CBA opposes C-10


Since their election in 2006, the Harper government has held steady on several themes. One of the most prominent, “tough on crime,” is on the verge of being translated from rhetoric to law with the upcoming reading of Bill C-10 in the Senate.

It’s a major political victory for the Tories and their constituents — rarely has it been viable for them to actually bring their more socially conservative leanings to bear without seriously risking a chunk of moderate support. As ever, it’s difficult to compose an argument against a move towards stricter sentences on violent crimes without coming across as being soft, and Harper, the consummate tactician, has played this truism to perfection.

Not everyone is happy about this, of course — the New Democrat opposition obviously differs considerably with the government, on a fundamental level, on how to approach the mitigation and elimination of crime. However, the usual suspects are joined in this instance by some unusual bedfellows. Most significantly, the Canadian Bar Association (CBA), the national body representing the legal profession, is opposing the bill in its current form, calling it a “significant step backward” for Canada’s approach to crime.

It’s almost unprecedented for the CBA to take such an aggressive step into the political ring, and it’s a telling sign that the Conservatives have once again striven to satisfy their political agenda at the expense of the national good. And that includes the good of those who would support the “tough” approach, as the impact of C-10 will be felt far beyond the jail cells of the nation.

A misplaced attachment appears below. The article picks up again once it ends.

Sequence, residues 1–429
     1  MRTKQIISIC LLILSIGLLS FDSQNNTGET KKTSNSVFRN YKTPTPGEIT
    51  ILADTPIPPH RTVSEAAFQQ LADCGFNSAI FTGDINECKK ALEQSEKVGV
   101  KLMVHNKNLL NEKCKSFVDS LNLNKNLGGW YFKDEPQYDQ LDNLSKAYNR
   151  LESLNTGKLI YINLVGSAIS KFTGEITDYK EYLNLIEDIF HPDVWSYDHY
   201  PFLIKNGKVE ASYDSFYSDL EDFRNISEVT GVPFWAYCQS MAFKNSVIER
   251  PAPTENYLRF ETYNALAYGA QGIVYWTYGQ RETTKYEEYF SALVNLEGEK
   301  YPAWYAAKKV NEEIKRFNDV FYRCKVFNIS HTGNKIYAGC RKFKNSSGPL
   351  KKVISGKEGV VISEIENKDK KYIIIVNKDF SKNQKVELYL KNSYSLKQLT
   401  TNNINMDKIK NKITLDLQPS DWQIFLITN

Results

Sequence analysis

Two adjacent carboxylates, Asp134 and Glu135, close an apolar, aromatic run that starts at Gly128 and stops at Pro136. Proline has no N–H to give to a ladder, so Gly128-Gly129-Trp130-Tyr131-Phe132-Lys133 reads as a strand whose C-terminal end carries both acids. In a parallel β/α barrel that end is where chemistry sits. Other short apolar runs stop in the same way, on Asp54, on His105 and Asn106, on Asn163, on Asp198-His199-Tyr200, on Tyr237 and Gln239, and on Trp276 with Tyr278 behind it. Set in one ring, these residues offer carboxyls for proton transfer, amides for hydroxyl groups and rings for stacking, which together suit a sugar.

Amongst other things, the bill imposes mandatory minimum sentences for a wide swath of crimes. It also imposes jail sentences for minor property and violent crimes where conditional sentences were previously available. This could lead to a further overcrowding of our jails and the clogging of an already choked legal system. Crown prosecutors, legal aid offices and police departments are already overcommitted, and C-10 will inevitably force these institutions to stretch themselves even further.

In my opinion, it also neuters judicial discretion. One of the primary roles of a judge is to evaluate the particular circumstances of each case and tailor a penalty appropriate to both the offence and the offender. This has a binary effect: not only does it render the justice system fairer; the knowledge that it is such encourages criminals to confess.

While mandatory jail sentences will undoubtedly lock away some deserving individuals, there is no evidence that the current system does not do so already. All they achieve will be the incarceration of people who may be undeserving of such a punishment.

There will undoubtedly be a downturn in the number of guilty pleas as offenders face an absolute sentence — not arrived upon with regard to their own particular scenario. This means more trials and, again, much greater expense, with no evidence that these will lead to a better application of the principles of justice.

The list of other changes and probable impacts could go on for pages, but they all lead back to one conclusion — taken as a whole, Bill C-10 is a particularly poorly thought out bit of law.


Greg Sacks is a second year law student